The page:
However, the two-person lunar lander soon is unable to provide clean air for the three astronauts tightly squeezed on board. Using only the materials onboard the lander, an air hose from a spacesuit is cut and reattached to canisters onboard allowing breathable air to re-enter the lander.

Slowly earth reappeared in the windows of the ship. As they travelled more problems emerged: the engine had to be refired in bursts so the lander would not run out of fuel and miss the earth by 2,500 miles; a precise pressure had to be calculated to separate the astronauts from the unused modules of the ship; and lastly the astronauts needed to parachute into waves of the South Pacific Ocean.

At the time of the first explosion, there was a 10% chance that the mission would return. Still the mission persevered, and finally through creativity and improvisation the crew of Apollo 13 returned home. Though the mission failed in its original goal, Apollo 13 demonstrated the lengths that human teamwork could achieve. Still today, every mission into space carries the risk of no return, as well as a team of people waiting for the unexpected. Since Apollo 13, many astronauts have had to encounter near-disasters and many have been prepared to once again radio back the same message as Jim Lovell, “Houston, we have a problem”.

The crew of Apollo 13, after landing back on Earth


Halley’s Comet – A Bad Sign for Difficult Times?

Halley’s Comet has been seen throughout history as a warning of bad things to come – read on to find out about its history, science, and the challenges you might face living there!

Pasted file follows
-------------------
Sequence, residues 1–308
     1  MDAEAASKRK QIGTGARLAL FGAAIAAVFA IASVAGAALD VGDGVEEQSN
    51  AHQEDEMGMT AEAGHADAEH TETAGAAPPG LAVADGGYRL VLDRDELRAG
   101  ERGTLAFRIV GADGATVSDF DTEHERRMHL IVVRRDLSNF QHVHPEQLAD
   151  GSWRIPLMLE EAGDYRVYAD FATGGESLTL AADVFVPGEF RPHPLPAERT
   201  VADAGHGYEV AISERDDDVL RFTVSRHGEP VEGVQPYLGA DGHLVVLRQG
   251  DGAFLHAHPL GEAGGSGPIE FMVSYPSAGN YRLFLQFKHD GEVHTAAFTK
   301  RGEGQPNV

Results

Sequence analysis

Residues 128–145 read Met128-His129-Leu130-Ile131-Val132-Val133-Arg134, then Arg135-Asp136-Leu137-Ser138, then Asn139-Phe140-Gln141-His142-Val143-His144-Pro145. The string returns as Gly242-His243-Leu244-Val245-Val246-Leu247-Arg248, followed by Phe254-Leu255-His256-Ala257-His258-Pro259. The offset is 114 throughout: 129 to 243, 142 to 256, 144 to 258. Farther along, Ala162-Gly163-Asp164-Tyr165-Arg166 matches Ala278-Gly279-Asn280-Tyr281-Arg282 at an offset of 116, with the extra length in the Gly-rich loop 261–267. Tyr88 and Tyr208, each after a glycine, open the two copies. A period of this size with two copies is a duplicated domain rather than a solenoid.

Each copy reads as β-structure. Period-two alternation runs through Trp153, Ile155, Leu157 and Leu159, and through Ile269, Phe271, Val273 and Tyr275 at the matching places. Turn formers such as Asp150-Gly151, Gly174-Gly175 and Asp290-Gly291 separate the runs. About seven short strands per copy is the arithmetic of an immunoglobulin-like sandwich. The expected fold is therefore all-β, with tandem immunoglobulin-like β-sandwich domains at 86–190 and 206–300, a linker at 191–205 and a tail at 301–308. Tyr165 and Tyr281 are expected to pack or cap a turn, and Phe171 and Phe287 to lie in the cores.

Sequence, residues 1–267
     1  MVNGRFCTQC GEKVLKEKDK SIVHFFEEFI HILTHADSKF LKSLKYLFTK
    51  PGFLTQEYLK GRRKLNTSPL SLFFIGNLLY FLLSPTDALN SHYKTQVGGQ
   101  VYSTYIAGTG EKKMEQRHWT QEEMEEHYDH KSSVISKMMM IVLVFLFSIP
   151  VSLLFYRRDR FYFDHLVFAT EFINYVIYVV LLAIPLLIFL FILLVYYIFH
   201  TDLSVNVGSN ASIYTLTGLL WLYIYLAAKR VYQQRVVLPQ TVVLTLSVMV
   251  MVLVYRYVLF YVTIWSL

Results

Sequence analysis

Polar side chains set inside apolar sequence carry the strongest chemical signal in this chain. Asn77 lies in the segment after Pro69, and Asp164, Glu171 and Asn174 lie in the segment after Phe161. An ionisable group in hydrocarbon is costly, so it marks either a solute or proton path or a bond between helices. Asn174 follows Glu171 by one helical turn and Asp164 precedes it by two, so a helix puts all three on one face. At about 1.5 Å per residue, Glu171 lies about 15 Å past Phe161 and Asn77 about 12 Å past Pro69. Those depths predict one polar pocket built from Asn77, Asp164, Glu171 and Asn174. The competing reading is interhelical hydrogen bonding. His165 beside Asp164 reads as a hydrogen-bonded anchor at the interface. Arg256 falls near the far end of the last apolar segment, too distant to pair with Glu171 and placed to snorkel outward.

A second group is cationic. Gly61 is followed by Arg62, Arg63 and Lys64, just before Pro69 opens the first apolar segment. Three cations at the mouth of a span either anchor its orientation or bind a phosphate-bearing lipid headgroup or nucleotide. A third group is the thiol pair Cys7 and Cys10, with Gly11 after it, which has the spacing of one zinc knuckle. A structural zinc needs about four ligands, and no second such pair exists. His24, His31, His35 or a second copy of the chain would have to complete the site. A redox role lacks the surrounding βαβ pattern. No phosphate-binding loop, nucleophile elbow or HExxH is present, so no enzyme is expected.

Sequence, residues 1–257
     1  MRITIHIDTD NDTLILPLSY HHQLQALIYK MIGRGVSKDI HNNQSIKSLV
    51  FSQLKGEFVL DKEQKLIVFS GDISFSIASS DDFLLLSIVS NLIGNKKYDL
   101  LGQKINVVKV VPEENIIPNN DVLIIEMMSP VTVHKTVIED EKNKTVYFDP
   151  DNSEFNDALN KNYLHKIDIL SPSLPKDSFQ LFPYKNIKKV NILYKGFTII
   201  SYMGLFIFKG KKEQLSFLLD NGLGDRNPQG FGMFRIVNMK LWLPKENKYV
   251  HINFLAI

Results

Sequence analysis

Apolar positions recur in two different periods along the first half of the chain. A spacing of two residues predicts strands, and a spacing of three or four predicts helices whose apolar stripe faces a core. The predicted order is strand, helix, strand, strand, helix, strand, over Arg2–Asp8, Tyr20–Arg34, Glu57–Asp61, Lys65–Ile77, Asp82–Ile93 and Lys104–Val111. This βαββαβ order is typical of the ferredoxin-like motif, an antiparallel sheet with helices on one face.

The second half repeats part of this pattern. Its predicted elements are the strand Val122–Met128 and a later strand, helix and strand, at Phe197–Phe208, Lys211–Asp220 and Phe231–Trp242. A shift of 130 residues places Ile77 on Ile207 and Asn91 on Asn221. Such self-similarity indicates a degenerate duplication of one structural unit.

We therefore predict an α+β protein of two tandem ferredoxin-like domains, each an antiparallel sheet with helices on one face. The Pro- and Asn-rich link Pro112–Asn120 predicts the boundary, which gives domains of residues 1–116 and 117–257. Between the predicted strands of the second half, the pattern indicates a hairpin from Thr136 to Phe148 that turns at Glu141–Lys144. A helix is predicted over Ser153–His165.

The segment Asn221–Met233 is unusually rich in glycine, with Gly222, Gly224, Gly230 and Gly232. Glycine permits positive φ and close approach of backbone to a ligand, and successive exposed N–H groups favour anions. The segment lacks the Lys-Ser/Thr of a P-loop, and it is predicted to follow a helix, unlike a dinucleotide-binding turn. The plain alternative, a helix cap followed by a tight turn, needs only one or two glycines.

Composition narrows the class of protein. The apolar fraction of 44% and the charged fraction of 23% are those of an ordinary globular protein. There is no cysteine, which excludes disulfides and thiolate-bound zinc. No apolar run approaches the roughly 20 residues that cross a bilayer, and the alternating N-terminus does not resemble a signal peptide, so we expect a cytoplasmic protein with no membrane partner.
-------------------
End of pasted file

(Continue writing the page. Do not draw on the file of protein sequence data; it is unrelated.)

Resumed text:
Written by James Hayes, Galactic Challenge Volunteer 

Illustrated by Saffron Zainchkovskaya, Galactic Challenge Volunteer 

Imagine you’re living in the Year 1066 AD. William the Conqueror is invading Britain and suddenly, every night, there is a strange bright light in the sky with a long, brilliant tail. It moves slowly across the sky, lasting for a few months, and as it does, lots is changing in your life. You’d be forgiven for thinking that maybe this alien light had something to do with it all! Those at the time certainly did, with the Comet even depicted on the famous Bayeux Tapestry (see above).

For thousands of years, ancient civilisations would see this light in the sky and wonder just what it was, but it wasn’t until 1705 that an Astronomer named Edmond Halley would begin to understand just what it was. Edmond realised that the sightings of a comet every 75 years were not coincidences, but they were actually the same comet returning periodically, and in 1705 he predicted when it would return again. Halley said the comet would reappear in 1758 and indeed it did! Halley’s Comet is the only known comet with an orbit that allows it to appear in the night sky twice in a human lifetime, and we know that the next time it appears will be in June 2061.

This is where lots of science can take place – we have 40 years to plan all sorts of exciting experiments on the comet before it returns and lots of questions to answer. One question is about its orbit as it actually orbits in the opposite direction to all of the planets! The planets also orbit in circles around the sun, but Halley’s Comet has what is known as an “elliptical” orbit, meaning its orbit looks like a circle that has been squished. This is quite unique for objects in our solar system, and means that the comet gets very close to Earth but also moves away from it very quickly (as seen below).This could be a problem if something goes wrong on a mission to the Comet, as there would only be a limited amount of time for a rescue operation – in the year 2061, your Space Rescue Organisation is able to make the journey in two months, but time is a precious resource!